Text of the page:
Farewell New Zealand......until next time

Wednesday, March 22, 2017



Pretend it's now February 6th.  My time in New Zealand is drawing to a close - just one month a 2 days before my Visa expires and I my leave my home of the past 9 months.

The first thing I did after landing in Auckland was to catch a bus to Thames  - the town in the Coromandel where I had started my New Zealand adventure.  My 'girlfriends' had invited me back for a return visit.

The lovely Jeannette had put a Sold Out sign on her every-busy AirBnB room and I was thrilled to be her guest for 5 days.  We had so much fun 'playing' in her quilt/sewing studio.  I had a delicious dinner at Jean and Frank's in TePuru, went to my morning exercise class at the Elam Church and Jenny, Elizabeth, Pat and I attended the Scottish Highland Games in Paeora.  Had my fill of bagpipes for another year!
←Jenny  ↑ Elizabeth & Pat
 I'm amazed at Pat's courage as her sight continues to fail and she 'just keeps going!'  

From Thames it was back on the bus to Auckland where I had one night downtown at the Attic Backpackers Hostel and time for a great Free Walking Tour of Auckland.



The next day I was joined by my good friend Kelly from Wellington.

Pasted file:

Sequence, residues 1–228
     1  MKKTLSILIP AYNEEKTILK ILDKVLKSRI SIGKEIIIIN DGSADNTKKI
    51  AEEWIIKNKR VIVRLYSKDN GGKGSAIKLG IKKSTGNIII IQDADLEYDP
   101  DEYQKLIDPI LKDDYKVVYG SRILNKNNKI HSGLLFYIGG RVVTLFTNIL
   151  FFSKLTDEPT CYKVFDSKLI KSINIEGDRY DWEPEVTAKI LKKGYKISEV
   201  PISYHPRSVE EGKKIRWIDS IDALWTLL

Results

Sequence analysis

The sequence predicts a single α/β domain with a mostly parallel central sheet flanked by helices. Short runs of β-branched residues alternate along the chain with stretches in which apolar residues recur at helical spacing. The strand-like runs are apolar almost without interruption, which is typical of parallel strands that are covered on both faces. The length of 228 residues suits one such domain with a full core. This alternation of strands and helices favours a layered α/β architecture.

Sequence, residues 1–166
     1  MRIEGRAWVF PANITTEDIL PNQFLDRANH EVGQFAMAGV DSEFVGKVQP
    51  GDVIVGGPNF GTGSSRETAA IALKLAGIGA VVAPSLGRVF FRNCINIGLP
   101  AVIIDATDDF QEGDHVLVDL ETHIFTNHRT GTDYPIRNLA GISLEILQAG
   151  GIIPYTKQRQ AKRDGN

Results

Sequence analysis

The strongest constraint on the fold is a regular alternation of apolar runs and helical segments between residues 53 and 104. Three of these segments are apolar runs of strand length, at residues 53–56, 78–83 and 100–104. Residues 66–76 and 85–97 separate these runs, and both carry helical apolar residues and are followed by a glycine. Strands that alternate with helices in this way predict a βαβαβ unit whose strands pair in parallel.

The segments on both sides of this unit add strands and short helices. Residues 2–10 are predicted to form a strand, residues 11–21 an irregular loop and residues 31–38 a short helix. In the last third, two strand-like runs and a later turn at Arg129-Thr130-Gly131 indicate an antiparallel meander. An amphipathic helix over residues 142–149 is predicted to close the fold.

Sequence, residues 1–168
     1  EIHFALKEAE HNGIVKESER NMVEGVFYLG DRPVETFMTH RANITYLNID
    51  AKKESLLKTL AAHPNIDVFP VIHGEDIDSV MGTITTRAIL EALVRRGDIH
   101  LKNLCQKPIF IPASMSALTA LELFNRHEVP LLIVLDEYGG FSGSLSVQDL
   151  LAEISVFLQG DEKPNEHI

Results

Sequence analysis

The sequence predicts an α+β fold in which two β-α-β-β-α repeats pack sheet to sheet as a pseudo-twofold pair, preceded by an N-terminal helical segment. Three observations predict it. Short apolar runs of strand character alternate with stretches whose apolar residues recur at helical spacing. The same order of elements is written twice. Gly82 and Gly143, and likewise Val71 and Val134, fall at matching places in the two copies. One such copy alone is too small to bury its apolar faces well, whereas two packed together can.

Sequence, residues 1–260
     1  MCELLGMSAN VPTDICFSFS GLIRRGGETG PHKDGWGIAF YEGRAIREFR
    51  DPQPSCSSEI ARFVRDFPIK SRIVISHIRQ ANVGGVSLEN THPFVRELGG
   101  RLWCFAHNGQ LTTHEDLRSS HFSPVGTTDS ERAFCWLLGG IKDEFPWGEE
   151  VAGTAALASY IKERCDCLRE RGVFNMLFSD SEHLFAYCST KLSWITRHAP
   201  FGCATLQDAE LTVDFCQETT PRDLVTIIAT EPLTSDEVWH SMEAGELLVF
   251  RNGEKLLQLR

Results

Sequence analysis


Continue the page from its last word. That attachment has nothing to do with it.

Before I had departed her fair city, we had arranged to meet-up and bus to the northernest portion of the North Island - The Bay of Islands.

We left in sunshine but arrived in Paihia in rain - lots of rain!  Our hostel, Capt'n Bob's Beach House, was not quite as close to the bus station as we were lead to believe. We had to drag our suitcases up and over and around a hill - about a 2km walk - through the rain.  We arrived wet and hungry but were happy with our large rooms, great lounge, and big kitchen.

We dried off, shook off the raincoats and umbrellas and headed out once again. This time it was another 2km wet walk to tour the Waitangi Treaty Grounds.  This is the most historical Maori-English site in New Zealand, where the treaty was signed making New Zealand an English colony.  We had a guided tour of the grounds, a performance of Maori music and dance and a very nice movie detailing the treaty.

Flagpole designates the spot of the signing. 
A hand-carved waka, traditional Maori boat.

The next day, still damp with light showers and cloudy, we scratched plans to spend the day on the water and took the ferry across the bay to Russell.  Russell during its heyday was where the whalers and prostitutes made their home, while the god-fearing Englishmen lived in Paihia.  To this day, Russell is a much more fun place to visit.

We took a fabulous Russell Mini Tour with a great guide named Bob!  This hour-long tour took us around and through and up to the highest point with a grand view of the entire Bay of Islands.  (Which I am sure is much better when it isn't cloudy and wet!).  Back down into town and time for a hot, delicious bowl of seafood chowder at Sally's before wandering around the town.


Love how Sally's signs her name (in heavy cream) in the bowl of chowder!

Halleluiah!  The sun has returned.